Nasa's Spitzer infrared space telescope ran out of coolant on May15, more than five and a half years after its launch. It has since warmed to a still-frosty 30 degrees Kelvin (about minus 406 degrees Fahrenheit).
Its two shortest wavelength detectors are still functional.
Explaining why the telescope's instruments have to be kept in cool condition and what is the significant difference in the performance between now and before the coolant ran out, Mr. Whitney Clavin, Nasa spokesperson, noted in an email to this correspondent:
"Cold instruments are needed to detect the longest wavelengths of infrared light and Spitzer's instruments detect everything between 3.6 to 160 microns. To detect 160 micron light, without being swamped by the internal thermal glow of the instrument itself, the telescope must be chilled to just a few degrees above absolute zero.
At shorter wavelengths it can operate at progressively warmer temperatures. At its current ambient temperature of around 30K the two shortest wavelength detectors are fully functional."
This is amply demonstrated by the fact that new images taken with the two detectors show a bustling star forming region, the remains of a star similar to the sun and a swirling galaxy lined with stars.
This shows that Spitzer will continue to deliver worldclass imagery and science during its `warm' mission.
Since its launch in 2003, Spitzer has made many discoveries including planetforming discs around stars, the composition of materials that make up comets, hidden black holes, galaxies billions of light-years away and more.
Warm Spitzer will address many of the same science questions as before including refining estimates of Hubble's constant, or the rate at which our universe is stretching apart.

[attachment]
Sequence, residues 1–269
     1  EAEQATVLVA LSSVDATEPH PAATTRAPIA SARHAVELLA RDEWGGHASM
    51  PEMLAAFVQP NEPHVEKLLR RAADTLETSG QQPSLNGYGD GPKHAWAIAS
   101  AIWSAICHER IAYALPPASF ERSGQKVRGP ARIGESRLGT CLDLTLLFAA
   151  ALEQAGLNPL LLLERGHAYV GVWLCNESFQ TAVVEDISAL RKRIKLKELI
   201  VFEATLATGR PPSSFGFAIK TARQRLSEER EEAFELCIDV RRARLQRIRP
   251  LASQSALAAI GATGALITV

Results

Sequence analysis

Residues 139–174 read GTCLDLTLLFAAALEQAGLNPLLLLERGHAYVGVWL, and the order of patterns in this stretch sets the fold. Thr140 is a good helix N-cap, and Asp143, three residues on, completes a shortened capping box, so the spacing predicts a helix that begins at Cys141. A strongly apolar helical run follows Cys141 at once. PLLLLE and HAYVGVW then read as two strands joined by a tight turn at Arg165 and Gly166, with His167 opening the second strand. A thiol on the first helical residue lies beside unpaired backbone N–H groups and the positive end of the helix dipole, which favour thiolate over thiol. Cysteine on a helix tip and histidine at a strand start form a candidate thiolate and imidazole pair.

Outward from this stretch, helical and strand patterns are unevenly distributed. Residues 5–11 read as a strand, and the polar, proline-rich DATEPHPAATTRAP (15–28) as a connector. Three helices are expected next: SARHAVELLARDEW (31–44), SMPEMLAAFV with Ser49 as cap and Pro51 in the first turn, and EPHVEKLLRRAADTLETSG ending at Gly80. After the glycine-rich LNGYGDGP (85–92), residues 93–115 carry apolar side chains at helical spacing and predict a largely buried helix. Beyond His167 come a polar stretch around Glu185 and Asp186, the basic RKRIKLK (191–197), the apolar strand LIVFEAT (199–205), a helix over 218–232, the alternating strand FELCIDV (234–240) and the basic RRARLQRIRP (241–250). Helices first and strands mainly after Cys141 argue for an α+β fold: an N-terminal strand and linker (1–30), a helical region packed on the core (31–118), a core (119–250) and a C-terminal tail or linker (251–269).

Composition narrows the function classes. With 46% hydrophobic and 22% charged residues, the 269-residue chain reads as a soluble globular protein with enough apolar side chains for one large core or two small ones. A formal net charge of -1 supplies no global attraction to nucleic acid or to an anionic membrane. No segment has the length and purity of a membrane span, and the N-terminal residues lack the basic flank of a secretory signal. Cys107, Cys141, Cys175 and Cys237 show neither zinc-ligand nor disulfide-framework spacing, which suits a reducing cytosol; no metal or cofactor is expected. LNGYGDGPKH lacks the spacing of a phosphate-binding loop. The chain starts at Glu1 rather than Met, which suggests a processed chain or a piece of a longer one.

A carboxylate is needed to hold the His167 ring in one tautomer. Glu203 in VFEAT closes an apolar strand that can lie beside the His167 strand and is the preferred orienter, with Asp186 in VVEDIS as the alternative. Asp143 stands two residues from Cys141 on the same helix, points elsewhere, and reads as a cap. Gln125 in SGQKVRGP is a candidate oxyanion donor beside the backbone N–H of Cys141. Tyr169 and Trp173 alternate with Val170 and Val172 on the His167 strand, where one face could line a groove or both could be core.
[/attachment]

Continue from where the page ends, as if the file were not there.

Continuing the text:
Hubble's constant is the speed at which a distant galactic object is moving away from us divided by the distance of the object from the telescope or the earth.
It can be shown by simple arithmetic that the reciprocal of Hubble's constant is the age of the universe based on the Big Bang theory. Hence it is necessary to refine it to a point of perfection to arrive at an accurate figure for the age of the universe.
On being queried on how the Hubble's constant will be refined by Spitzer, Mr, Clavin said, "an estimate previously was made of the Hubble constant using a relationship between the absolute brightness of a type of variable star (whose brightness varied) called Cepheid and its period of variability.
The method measured the observed brightness and periods of these stars in distant galaxies.
Comparing the observed brightness with the absolute brightness inferred from the period allows one to measure the distance to the object and hence estimate the Hubble constant."
The advantage of doing this in infrared is that the observed brightness will not be affected by the interstellardust between us and the star, and hence the distance measurements will be much more robust.